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How the Common Core is redefining math instruction

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Besides content-area knowledge, the Common Core math standards include a list of eight skills that math teachers should integrate across the curriculum.

What does teaching math look like under the Common Core standards? Lots of classroom interaction and more inquiry-based approaches to learning, according to experts who are helping schools integrate the standards into instruction.

As schools prepare for Common Core assessments beginning in the 2014-15 school year, curriculum directors are working with math teachers to make sure their practices encompass the standards’ core concepts.

The standards build on knowledge and skills from prior grade levels as they deal with increasingly complex topics such as fractions and negative numbers. They stress conceptual understanding to ensure that students truly absorb what they are learning, instead of merely memorizing for a test, then forgetting much of what they learn.

Besides content-area knowledge, the Common Core math standards include a list of eight skills—called the Standards for Mathematical Practice—that math teachers should integrate across the curriculum. These skills are:

The K-5 math standards aim to give students a “solid foundation in whole numbers, addition, subtraction, multiplication, division, fractions, and decimals—which help young students build the foundation to successfully apply more demanding math concepts and procedures, and move into applications.”

Middle school math standards help prepare students for higher-level math in high school, and high school math focuses on mathematical modeling and using math to analyze situations, understand them, and inform decision-making.

The standards are written so that multiple math domains work together at the same time—and educators aren’t teaching algebra in isolation of statistics, for instance.

What does this mean for schools? EngageNY, a site maintained by the New York State Department of Education, outlines six “instructional shifts” that are necessary for implementing the Common Core math standards:

Inside Mathematics, a website that grew out of an initiative from the Noyce Foundation, includes a number of videos showing exemplary math lessons that address the eight practice standards. It’s clear from watching the videos that math classes—if they weren’t this way before—are about to get a lot more boisterous, as math instruction becomes an interactive process that challenges students to solve problems and discuss their reasoning through a deeper level of discourse.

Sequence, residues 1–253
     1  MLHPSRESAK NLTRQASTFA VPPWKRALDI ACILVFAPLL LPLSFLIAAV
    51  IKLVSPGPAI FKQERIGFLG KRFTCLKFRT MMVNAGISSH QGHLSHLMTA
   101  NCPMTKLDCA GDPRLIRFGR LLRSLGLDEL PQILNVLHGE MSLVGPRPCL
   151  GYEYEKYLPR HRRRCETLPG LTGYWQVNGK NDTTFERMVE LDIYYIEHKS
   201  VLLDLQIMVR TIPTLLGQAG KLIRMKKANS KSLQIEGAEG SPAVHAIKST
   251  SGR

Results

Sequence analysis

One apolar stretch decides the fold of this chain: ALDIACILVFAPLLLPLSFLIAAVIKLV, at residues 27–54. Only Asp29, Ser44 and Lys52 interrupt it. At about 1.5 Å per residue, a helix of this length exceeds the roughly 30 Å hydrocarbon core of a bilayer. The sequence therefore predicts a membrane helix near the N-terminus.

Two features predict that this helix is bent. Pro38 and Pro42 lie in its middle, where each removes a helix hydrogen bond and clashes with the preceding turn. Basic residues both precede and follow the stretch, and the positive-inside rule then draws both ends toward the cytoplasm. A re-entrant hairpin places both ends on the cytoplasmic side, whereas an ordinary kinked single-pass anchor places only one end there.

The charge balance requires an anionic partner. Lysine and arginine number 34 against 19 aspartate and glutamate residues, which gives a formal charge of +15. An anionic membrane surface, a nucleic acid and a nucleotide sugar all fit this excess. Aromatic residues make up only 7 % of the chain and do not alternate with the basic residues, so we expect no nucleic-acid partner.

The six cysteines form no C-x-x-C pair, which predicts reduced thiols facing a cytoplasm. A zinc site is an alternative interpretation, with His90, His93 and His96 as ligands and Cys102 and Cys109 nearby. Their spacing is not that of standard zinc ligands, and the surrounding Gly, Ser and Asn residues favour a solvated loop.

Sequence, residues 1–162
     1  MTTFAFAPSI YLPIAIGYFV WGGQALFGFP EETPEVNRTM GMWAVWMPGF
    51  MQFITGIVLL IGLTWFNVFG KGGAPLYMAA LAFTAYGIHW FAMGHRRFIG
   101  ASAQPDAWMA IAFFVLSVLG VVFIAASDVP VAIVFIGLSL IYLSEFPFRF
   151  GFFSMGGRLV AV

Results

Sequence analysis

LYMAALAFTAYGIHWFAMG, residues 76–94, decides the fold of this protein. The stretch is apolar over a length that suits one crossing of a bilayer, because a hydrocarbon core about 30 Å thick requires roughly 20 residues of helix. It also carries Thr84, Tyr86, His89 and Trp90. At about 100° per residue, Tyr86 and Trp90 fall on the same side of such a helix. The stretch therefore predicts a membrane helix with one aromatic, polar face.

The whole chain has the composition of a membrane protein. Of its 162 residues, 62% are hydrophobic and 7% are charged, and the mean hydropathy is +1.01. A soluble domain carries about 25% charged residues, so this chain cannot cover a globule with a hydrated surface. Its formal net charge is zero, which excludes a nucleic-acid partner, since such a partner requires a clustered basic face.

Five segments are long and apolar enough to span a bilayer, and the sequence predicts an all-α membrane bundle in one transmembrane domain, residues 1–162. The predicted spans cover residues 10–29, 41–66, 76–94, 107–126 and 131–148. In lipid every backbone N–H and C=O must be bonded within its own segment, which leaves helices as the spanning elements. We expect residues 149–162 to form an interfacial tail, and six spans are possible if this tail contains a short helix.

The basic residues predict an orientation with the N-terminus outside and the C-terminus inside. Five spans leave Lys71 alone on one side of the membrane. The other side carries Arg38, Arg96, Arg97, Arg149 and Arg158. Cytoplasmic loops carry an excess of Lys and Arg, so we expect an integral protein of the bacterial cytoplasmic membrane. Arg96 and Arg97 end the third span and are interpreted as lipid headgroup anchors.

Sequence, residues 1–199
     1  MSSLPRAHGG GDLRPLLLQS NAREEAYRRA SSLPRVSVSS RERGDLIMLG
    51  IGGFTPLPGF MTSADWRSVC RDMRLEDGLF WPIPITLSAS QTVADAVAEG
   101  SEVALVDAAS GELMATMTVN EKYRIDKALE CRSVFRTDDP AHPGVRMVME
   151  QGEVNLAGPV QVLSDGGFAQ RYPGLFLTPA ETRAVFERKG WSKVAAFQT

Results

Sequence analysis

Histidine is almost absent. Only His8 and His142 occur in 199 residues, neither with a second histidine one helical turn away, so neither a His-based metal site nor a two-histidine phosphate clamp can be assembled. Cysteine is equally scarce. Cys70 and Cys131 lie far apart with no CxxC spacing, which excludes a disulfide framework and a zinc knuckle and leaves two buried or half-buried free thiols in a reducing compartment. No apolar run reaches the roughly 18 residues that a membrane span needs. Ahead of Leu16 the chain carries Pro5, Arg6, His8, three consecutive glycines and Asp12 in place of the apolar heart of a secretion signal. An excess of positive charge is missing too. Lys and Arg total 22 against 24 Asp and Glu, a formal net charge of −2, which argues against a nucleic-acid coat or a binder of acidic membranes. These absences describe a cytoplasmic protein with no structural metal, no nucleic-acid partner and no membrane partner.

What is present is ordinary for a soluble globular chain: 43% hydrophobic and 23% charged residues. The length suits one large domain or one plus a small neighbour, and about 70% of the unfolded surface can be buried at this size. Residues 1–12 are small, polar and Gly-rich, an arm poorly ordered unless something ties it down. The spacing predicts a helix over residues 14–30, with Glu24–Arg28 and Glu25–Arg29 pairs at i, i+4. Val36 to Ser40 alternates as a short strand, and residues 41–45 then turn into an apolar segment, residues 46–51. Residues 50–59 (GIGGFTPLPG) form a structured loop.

In one series of videos, teacher Fran Dickinson leads fifth and sixth graders at San Carlos Charter School through a lesson in numerical patterning. As students suggest input numbers, Dickenson generates an output value, and students are asked to define the function. They also discuss whether the number zero is a possible input value. After the students work on this task in small groups, Dickenson leads a discussion with the entire class—addressing the standards on reasoning abstractly, constructing viable arguments, and critiquing others.

The North Carolina Department of Public Instruction has started a wiki to help educators adjust to the Common Core math standards, said Maria Pitre-Martin, director of the state’s K-12 Curriculum and Instruction division.

“Change is difficult,” Pitre-Martin acknowledged. “We’re in the first year of teaching [with] the Common Core, so our teachers did feel kind of overwhelmed by the magnitude of the changes.” But as educators wrap up their first year of implementing the standards, “we feel they are going to be in a better place,” she said.

Oregon’s Salem-Keizer Public Schools has been working to foster a deeper understanding of math for several years, said Lesli Ficker, an elementary math specialist in the district’s curriculum department—so it was ahead of the curve when it came time to implement the Common Core.

Initially, the district’s curriculum leaders were wary of implementing yet another set of standards, but “after we lived with it a little bit, it became an opportunity, because everybody is going to feel the urgency,” Ficker said.

She added: “Our [best] practices haven’t changed. If you’ve been integrating good instructional practices and inquiry-based strategies, you’re going to be OK.”

Follow Managing Editor Laura Devaney on Twitter: @eSN_Laura [2].

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